The new head of the Comprehensive Nuclear-Test-Ban Treaty Organization said the treaty would place a "real limit" on the further development of new weapons by nuclear armed states if it comes into effect and becomes legally binding.

Robert Floyd, who was appointed executive secretary of the preparatory commission for the CTBTO this month, told Kyodo News in a recent interview that having the test ban enter into force would also make it "practically impossible" for any non-nuclear armed states to develop such weapons in the future.

Robert Floyd, the new executive secretary of the preparatory commission for the Comprehensive Nuclear-Test-Ban Treaty Organization, speaks to Kyodo News in Vienna, Austria, on Aug. 20, 2021. (Kyodo)

The CTBT, which prohibits countries from carrying out all types of nuclear explosive tests, has been signed by 185 states and ratified by 170 after it was adopted by the U.N. General Assembly in 1996. Japan ratified it in 1997.

For the treaty to come into effect, it must be signed and ratified by all 44 countries that had nuclear reactors for research or power generation while the treaty was under negotiation, but eight including China and the United States have yet to do so.

"The CTBT as a treaty enjoys really strong support by the vast majority of states in the world," Floyd said, adding that the pact is "actually already having an effect" due to the global norm against nuclear testing.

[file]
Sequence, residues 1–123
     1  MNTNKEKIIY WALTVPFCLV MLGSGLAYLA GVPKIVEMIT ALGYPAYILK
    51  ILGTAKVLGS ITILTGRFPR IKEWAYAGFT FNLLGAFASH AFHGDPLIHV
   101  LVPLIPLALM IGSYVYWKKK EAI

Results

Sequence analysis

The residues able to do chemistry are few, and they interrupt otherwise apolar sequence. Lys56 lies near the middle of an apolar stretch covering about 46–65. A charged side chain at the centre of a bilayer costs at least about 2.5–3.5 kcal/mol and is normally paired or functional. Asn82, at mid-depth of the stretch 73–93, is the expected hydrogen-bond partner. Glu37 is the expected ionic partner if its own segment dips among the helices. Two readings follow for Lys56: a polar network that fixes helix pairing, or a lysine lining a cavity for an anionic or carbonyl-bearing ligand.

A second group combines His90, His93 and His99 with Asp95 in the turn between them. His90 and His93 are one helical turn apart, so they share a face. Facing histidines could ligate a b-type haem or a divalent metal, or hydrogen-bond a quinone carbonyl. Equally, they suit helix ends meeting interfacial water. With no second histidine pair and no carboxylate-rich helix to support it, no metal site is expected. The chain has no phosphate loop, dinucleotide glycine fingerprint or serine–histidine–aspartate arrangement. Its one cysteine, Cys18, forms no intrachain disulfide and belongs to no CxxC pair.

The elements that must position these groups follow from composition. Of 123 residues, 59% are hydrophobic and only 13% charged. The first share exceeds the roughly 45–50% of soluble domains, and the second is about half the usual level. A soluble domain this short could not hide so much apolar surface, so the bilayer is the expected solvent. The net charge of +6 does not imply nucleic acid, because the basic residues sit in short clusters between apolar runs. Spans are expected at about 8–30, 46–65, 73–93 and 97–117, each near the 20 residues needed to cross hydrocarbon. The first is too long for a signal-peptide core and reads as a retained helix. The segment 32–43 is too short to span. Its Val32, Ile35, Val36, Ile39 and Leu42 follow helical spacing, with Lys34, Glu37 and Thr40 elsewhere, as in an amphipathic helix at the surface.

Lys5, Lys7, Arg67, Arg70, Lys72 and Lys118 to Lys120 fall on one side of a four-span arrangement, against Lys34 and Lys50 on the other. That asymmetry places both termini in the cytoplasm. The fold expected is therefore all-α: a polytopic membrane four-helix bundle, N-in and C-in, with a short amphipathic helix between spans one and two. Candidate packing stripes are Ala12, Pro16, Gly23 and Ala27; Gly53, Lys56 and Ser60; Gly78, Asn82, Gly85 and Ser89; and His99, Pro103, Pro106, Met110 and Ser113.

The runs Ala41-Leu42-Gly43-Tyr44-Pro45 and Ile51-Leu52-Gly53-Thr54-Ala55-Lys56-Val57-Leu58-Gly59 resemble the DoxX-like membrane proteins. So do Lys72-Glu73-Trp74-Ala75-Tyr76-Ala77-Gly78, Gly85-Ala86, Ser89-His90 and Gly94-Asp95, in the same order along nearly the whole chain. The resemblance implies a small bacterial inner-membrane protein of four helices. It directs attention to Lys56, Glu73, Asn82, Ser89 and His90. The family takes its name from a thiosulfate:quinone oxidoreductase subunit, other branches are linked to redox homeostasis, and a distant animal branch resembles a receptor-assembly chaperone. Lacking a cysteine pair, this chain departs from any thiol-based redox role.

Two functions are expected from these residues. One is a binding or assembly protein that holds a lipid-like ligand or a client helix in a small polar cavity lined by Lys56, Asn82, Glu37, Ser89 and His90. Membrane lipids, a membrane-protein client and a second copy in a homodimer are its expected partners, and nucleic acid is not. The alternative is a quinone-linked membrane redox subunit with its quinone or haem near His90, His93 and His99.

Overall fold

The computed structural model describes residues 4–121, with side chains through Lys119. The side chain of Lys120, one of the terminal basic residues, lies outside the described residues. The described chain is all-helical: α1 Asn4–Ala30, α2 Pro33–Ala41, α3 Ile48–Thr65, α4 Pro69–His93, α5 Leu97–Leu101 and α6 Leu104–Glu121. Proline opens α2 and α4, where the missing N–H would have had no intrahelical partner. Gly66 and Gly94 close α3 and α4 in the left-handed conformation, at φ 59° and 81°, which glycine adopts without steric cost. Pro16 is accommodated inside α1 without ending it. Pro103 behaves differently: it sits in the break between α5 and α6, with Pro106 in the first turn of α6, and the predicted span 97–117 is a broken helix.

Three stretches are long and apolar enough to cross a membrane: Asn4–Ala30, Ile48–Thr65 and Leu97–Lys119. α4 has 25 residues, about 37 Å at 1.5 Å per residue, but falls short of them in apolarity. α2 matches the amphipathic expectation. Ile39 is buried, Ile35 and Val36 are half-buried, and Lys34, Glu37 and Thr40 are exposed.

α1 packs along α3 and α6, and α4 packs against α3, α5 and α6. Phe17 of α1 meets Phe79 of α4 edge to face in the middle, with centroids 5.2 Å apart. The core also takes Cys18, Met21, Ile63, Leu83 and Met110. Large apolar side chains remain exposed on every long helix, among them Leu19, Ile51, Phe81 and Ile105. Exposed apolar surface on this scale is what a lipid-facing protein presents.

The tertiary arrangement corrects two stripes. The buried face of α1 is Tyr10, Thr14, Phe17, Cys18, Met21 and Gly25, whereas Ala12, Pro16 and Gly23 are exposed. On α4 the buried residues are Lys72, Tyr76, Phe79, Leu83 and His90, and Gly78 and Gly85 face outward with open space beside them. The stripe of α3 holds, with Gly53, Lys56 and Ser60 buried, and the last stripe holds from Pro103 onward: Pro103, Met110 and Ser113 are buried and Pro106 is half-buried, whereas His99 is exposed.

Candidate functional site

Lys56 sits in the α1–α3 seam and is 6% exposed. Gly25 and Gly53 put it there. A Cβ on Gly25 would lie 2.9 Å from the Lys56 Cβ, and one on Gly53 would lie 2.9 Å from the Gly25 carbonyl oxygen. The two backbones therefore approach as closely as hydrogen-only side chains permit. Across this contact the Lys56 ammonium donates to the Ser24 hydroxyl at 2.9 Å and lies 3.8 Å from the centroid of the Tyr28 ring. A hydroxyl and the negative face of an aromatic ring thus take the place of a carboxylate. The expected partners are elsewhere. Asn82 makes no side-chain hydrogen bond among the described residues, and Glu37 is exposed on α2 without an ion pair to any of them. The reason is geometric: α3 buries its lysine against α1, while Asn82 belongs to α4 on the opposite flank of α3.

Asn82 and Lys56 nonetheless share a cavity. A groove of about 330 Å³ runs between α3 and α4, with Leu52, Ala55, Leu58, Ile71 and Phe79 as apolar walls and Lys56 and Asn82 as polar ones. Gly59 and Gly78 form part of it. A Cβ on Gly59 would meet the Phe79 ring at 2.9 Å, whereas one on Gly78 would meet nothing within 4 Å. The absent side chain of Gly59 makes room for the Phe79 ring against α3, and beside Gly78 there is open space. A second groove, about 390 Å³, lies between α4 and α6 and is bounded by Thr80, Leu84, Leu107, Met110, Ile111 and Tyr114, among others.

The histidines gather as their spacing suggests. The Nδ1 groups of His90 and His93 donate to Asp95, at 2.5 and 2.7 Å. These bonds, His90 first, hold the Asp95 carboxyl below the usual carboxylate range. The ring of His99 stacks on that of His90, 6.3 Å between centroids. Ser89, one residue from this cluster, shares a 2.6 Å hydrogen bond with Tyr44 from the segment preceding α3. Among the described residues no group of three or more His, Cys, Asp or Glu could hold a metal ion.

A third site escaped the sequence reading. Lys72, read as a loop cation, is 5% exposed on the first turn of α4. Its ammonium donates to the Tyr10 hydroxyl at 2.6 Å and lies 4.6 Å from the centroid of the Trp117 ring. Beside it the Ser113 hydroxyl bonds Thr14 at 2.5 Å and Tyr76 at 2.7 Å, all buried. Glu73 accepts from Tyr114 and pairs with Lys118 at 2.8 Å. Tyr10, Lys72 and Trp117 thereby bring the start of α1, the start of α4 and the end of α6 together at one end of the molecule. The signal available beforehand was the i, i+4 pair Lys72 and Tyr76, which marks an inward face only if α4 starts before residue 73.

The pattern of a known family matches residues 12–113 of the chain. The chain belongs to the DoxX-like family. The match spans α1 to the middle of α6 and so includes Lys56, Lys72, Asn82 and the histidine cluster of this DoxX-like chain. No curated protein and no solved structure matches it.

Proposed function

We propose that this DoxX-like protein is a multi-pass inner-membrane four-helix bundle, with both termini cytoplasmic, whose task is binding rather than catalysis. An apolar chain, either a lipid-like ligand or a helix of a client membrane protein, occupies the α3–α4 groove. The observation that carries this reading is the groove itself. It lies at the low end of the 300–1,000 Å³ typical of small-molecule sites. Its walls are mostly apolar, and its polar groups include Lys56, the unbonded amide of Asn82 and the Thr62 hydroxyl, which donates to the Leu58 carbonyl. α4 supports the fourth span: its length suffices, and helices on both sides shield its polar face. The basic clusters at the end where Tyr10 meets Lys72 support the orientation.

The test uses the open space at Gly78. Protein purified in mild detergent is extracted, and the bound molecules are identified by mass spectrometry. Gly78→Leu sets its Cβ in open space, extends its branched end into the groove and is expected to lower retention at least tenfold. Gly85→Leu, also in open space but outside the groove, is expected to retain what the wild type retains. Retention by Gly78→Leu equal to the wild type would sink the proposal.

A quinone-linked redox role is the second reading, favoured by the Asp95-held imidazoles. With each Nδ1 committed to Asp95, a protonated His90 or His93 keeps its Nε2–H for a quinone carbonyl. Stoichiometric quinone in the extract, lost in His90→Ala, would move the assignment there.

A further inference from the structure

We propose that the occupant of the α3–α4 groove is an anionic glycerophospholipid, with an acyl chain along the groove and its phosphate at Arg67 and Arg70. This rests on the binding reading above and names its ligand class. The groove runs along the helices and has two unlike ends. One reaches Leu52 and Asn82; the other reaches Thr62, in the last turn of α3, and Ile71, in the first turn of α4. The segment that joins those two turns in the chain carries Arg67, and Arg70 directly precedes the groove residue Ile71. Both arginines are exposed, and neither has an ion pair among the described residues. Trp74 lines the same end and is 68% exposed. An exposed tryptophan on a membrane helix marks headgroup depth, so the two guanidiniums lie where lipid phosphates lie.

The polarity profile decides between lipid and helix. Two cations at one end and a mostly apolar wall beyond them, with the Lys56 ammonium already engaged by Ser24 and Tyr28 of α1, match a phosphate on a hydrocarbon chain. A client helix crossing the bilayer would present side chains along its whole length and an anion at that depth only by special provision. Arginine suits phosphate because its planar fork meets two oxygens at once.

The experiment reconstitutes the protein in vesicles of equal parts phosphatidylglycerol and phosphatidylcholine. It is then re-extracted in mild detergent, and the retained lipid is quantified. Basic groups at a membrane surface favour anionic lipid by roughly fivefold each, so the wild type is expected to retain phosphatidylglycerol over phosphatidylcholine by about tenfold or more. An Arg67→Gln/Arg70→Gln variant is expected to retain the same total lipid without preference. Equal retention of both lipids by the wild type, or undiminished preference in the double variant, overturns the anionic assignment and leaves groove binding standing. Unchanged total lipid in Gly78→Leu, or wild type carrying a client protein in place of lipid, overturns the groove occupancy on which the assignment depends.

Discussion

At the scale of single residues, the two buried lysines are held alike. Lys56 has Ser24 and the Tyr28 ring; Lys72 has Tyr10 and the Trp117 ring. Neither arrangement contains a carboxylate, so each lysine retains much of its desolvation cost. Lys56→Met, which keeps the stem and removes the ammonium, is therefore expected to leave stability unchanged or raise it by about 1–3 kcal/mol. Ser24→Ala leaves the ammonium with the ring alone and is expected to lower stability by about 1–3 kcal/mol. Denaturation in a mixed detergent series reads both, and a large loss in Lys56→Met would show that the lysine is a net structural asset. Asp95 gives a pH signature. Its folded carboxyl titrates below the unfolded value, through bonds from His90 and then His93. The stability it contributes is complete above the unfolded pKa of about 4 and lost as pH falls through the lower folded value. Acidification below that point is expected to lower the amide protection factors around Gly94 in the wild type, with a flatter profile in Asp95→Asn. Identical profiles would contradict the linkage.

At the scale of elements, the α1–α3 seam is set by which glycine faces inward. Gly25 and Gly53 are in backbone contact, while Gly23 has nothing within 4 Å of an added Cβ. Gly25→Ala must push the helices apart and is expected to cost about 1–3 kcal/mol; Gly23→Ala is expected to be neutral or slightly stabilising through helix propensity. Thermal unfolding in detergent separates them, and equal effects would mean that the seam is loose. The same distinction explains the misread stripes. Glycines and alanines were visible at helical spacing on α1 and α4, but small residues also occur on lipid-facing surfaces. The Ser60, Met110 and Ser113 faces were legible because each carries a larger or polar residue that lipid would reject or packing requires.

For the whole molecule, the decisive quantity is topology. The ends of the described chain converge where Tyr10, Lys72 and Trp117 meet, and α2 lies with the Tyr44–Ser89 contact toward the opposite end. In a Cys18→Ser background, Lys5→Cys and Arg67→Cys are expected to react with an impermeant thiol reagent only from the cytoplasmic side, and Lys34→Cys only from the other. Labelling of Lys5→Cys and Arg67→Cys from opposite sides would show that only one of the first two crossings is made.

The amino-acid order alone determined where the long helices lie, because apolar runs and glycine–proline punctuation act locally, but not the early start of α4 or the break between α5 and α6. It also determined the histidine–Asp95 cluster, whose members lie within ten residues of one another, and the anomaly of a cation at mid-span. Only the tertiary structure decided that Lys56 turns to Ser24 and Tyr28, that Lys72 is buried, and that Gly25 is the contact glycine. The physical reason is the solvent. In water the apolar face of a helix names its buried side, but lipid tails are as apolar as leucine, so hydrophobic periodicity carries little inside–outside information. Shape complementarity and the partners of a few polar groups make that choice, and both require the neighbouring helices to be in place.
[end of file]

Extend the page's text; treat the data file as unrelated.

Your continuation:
With the CTBTO providing the International Monitoring System, a worldwide system that detects nuclear explosions by collecting seismic data and observing radioactive particles among other verification technologies, "nobody can test without that being detected, which gives us some benefit already," Floyd said.

The Australian scientist further stressed that having "a strong ban in place on nuclear testing is a really valuable and important thing" to counter moves by nuclear weapon states, such as the United States and Russia, that are seemingly moving in the opposite direction by upgrading and increasing their existing arsenals.

A launch test of a Minuteman 3 intercontinental ballistic missile, capable of carrying nuclear warheads, is conducted at a U.S. base in California in May 2017. (Photo courtesy of the U.S. Air Force)(Kyodo)

As for North Korea, Floyd said efforts to denuclearize the country have been taking place by the United States and other countries, and he expressed hope that it would take steps toward signing and ratifying the CTBT in the future when talks progress.

"That would be a powerful signal from the North Korean leadership and could be a confidence building measure, a gesture to move towards a solution," he said.

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